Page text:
If you are unhappy with a financial product or service, you can complain.
We do not investigate individual complaints, but the financial firms we regulate must have a procedure in place for resolving disputes with their customers.
These firms must also respond to you within set deadlines.
If you are unhappy with a financial product or service, follow these 4 steps to making a complaint.
If you're dealing with a firm in the EEA, find out more about how to complain.
Step 1: Contact the firm directly
If you have a complaint about a firm, it is best to first ask the firm to put things right.
Contact them as soon as possible in writing, so you have a record of what you and they say.
Complaining to a financial services firm
In general, financial services firms we regulate must respond to your complaint in writing within 8 weeks.
They must tell you whether the complaint has been successful or why they need more time to investigate the complaint
Complaining to a payment service provider or e-money issuer
Payment Service Providers and e-money issuers must normally respond to certain types of complaint within 15 business days.
If a final response cannot be provided within 15 business days for reasons beyond the firm's control, it must send a response explaining the reasons for the delay.
The final response cannot be more than 35 business days from when the complaint was first received.
Acknowledging your complaint
Unless they resolve your complaint within 3 business days, all firms are required to respond in writing to let you know they have received your complaint.
Before you contact the Financial Ombudsman Service (see step 3), make sure:
- you have the final response from the firm, or
- the relevant time period to consider your complaint has passed
Step 2: Make the complaint yourself
You can make a complaint yourself for free, directly to a firm. If the firm fails to respond within the relevant time period or you are unhappy with the response received, you can also make a complaint to the Financial Ombudsman Service.
There are many companies that offer to complain on your behalf. These are usually known as claim handlers, claims firms or claims management companies (CMCs). We regulate financial services and financial products CMCs operating in Great Britain.
CMCs will charge you a fee for handling the complaint. Some companies will manage your claim on a 'no win, no fee' basis. If your claim succeeds, they will deduct a proportion of your compensation as a fee. If you cancel your claim, you may also be charged.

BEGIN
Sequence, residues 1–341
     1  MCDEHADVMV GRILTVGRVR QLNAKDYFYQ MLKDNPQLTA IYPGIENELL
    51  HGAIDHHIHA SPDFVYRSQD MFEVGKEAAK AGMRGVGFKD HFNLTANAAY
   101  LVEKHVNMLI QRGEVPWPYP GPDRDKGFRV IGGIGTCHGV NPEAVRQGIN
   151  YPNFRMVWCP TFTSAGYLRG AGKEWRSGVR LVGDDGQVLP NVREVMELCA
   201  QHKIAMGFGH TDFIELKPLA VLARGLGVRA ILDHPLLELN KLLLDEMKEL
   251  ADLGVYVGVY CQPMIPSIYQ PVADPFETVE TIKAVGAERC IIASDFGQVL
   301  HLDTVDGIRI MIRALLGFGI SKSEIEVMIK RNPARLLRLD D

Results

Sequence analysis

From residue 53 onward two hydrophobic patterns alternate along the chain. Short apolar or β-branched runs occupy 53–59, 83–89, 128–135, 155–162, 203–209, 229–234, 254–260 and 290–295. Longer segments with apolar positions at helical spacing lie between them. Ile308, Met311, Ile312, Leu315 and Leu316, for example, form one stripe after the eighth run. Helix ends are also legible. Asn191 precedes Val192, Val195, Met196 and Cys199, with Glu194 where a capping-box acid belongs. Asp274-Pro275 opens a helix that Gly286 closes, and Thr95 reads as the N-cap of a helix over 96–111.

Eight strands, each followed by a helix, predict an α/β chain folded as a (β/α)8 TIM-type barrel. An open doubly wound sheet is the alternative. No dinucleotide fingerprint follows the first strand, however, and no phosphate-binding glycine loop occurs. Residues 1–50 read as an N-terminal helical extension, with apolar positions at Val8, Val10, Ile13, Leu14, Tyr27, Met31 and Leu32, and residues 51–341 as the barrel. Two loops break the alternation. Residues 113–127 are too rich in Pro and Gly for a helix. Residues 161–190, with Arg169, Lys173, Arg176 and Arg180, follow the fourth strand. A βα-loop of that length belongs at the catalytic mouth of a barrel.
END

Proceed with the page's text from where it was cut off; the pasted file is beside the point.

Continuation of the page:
If you decide to use a CMC, you should carefully consider how much they will charge you, and decide whether you are willing to have that money deducted from your compensation. Some companies will charge you a fee upfront.
Carefully consider whether to pay a fee before your complaint is submitted. There is no guarantee that your claim will succeed and you could be left out of pocket.
Step 3: Contact the Financial Ombudsman Service
If you are not happy with the response you receive from the firm, or you do not hear from it within the relevant time period, the Financial Ombudsman Service may be able to help you.
The Financial Ombudsman Service is a free, independent service for settling disputes between financial services firms and their customers. It can deal with complaints about a wide range of financial matters – from pet insurance to stocks and shares. It will ask the financial firm to explain what it thinks happened and then decide whether to uphold your complaint.
It is important you contact the Financial Ombudsman Service within 6 months of receiving a final response from the firm, or it may not be able to deal with your complaint.
If the firm agrees, the Financial Ombudsman Service may be able to consider your complaint before the relevant time period has passed. This could be 8 weeks or 15 days depending on the type of firm (see step 1).
Step 4: Take the matter to court
If you do not want to accept a decision by the Financial Ombudsman Service and you have not used an independent complaints scheme, as a last resort you may be able to take your case to court.
You would usually start civil legal action in the county courts or High Court (in England, Wales and Northern Ireland), depending on the circumstances of the case. In Scotland, most small claims are started in the Sheriff Courts.